Posted by Bill Sandweg on 25 April 2022.
Last week I wrote about an ICU doctor in Ohio, who was accused of deliberately overdosing 11 of his critically ill patients with a powerful painkiller and thereby shortening their lives. After nearly a week of deliberations, the jury acquitted him on all charges.
Today I want to write about another criminal case involving a medical professional, but one which involved quite different legal issues. In this case, a nurse in Tennessee was convicted of negligent homicide for giving a patient the wrong medication, which allegedly caused her death. Unlike the case against the ICU doctor, there was no allegation that the nurse intended to cause any harm to the patient. The only claim is that she was negligent. She is awaiting sentencing but her case has sent huge shock waves throughout the medical profession.
The illustration above is from 2013 but the leading causes of death in the United States have not changed much since then. Preventable medical errors are the third leading cause of death, accounting for about 250,000 deaths each year. These figures are courtesy of the federal government’s Centers for Disease Control. Only a tiny fraction of these deaths caused by medical malpractice ever become the subject of a claim for compensation. As evidenced by the furor over the arrest and conviction of this nurse, no one ever gets prosecuted for accidentally causing a patient’s death – until now.
The nurse in question was tasked with administering a sedative, Versed, to an elderly patient, who had suffered a brain injury and who was being prepared for a scan. The Versed was to calm the patient so she would relax during the scan and not move around. At the Vanderbilt University Medical Center, Versed was kept along with other highly-controlled drugs in a computerized medication dispenser. The nurse went to the dispenser but, instead of Versed, she withdrew vecuronium, a powerful paralytic agent. In order to withdraw the vecuronium, she had to override a number of safeties in the computerized dispenser. Witnesses testified in the trial was that there were problems with the dispenser which required the nurses using it to routinely override its safety protocols. The nurse administered the vecuronium to the patient and left the patient to await the scan. When the transporter came to get the patient for the scan, she was brain dead.
The nurse was charged with two offenses. The first was negligent homicide for administering the wrong medication. The second was for gross neglect of a vulnerable adult for failing to monitor the effect of the medication on the patient. The nurse admitted that she was distracted at the time of her mistake.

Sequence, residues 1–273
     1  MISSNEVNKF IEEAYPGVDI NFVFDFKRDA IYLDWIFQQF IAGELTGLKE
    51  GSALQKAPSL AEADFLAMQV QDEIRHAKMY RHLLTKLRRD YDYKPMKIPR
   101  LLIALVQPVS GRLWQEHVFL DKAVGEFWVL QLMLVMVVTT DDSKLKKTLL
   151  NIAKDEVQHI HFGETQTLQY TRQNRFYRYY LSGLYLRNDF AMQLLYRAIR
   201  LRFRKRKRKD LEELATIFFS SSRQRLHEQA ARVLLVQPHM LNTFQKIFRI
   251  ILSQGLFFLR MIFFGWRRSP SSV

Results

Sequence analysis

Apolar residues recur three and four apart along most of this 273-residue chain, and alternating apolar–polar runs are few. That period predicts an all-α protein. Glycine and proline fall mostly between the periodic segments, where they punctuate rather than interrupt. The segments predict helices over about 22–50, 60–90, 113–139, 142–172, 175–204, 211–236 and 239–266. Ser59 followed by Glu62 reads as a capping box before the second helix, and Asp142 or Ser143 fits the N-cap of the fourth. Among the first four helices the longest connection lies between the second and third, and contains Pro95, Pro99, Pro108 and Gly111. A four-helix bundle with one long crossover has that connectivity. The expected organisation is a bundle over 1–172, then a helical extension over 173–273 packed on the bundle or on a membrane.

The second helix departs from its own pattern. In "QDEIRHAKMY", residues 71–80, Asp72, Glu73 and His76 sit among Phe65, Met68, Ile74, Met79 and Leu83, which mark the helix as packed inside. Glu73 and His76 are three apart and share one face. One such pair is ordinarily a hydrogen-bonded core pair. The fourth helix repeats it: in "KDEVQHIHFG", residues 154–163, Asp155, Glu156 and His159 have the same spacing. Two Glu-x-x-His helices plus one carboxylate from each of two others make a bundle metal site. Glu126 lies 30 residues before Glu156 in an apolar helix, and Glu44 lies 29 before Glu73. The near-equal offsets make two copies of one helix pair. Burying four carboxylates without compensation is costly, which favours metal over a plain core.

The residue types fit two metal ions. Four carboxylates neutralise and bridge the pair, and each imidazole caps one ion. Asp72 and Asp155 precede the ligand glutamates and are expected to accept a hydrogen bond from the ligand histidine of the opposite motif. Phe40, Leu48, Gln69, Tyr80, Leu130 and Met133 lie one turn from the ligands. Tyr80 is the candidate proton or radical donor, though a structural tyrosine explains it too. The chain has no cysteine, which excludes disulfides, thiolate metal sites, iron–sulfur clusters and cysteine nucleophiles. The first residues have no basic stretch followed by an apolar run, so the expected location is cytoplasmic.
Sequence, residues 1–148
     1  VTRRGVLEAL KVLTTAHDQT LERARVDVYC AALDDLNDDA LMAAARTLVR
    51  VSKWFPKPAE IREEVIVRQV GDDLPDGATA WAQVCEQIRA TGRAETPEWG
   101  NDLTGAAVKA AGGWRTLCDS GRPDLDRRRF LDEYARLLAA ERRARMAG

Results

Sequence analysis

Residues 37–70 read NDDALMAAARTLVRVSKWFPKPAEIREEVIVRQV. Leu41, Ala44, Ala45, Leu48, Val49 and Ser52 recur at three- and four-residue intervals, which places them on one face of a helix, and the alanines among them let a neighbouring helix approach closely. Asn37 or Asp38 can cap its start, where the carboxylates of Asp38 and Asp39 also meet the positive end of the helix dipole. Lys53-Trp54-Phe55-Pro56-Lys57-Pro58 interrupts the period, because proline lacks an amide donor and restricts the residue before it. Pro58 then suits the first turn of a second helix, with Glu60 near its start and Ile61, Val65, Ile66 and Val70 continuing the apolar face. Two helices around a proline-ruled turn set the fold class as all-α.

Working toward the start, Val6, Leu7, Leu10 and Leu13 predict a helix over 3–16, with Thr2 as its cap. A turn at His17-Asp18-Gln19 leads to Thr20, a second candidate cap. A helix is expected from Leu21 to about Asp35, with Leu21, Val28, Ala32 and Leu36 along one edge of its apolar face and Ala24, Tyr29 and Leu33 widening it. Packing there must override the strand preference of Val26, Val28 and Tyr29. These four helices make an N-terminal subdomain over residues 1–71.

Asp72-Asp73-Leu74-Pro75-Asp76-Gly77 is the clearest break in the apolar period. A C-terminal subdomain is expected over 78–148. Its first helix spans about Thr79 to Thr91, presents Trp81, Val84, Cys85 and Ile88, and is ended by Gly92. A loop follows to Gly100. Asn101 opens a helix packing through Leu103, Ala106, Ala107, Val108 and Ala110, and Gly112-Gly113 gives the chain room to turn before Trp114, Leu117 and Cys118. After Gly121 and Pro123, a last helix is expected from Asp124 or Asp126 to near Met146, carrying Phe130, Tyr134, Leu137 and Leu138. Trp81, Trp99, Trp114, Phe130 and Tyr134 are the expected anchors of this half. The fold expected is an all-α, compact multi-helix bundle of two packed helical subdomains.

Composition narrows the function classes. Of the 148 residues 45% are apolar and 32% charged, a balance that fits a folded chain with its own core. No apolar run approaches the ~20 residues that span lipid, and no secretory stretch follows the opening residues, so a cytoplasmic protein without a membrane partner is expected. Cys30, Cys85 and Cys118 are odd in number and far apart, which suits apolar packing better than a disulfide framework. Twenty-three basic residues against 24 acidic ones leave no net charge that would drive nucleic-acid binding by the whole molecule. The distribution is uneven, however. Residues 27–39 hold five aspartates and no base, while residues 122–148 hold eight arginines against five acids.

At least in part, our health care system relies on medical professionals to report mistakes, whether the mistake injures a patient or not. Only by encouraging frank and honest reporting, can the system prevent future mistakes and learn from those that have already been made. Despite its good intentions, the system already suffers from a culture of secrecy about medical errors. Doctors and nurses who are afraid of being sued or of being the subject of medical or hospital discipline are already reluctant to report their own mistakes or those of other professionals. Criminal prosecution of medical professionals is only going to make matters worse.
In addition to contributing to an even greater culture of secrecy and silence, criminal prosecutions are already causing some medical professionals to leave the profession altogether. In their view, they do not get paid enough to run the risk of being charged with a crime, if someone is hurt on their watch or dies. Even if they are able to successfully defend themselves in court, the legal fees alone may bankrupt them.
In my legal practice, I have seen far, far worse conduct than that for which this nurse was prosecuted. I have seen impaired doctors injure their patients. I have seen gross indifference to the well-being of the patient. I have seen doctors and nurses blaming each other for careless mistakes. What I have never seen, however, is someone prosecuted for the deaths or terrible injuries suffered by my clients, especially when, as here, the hospital had a major role in the injury. It is already difficult to get a doctor to consent to a settlement in a medical malpractice case. Fear of criminal prosecution will make settlement of meritorious cases even more difficult than it is today. If anything could make an already bad system worse, adding the threat of criminal prosecution is probably it.
POST SCRIPT: On May 13, 2022, the nurse was sentenced to three years probation. If she satisfactorily completes her probation, her conviction will be expunged from her record.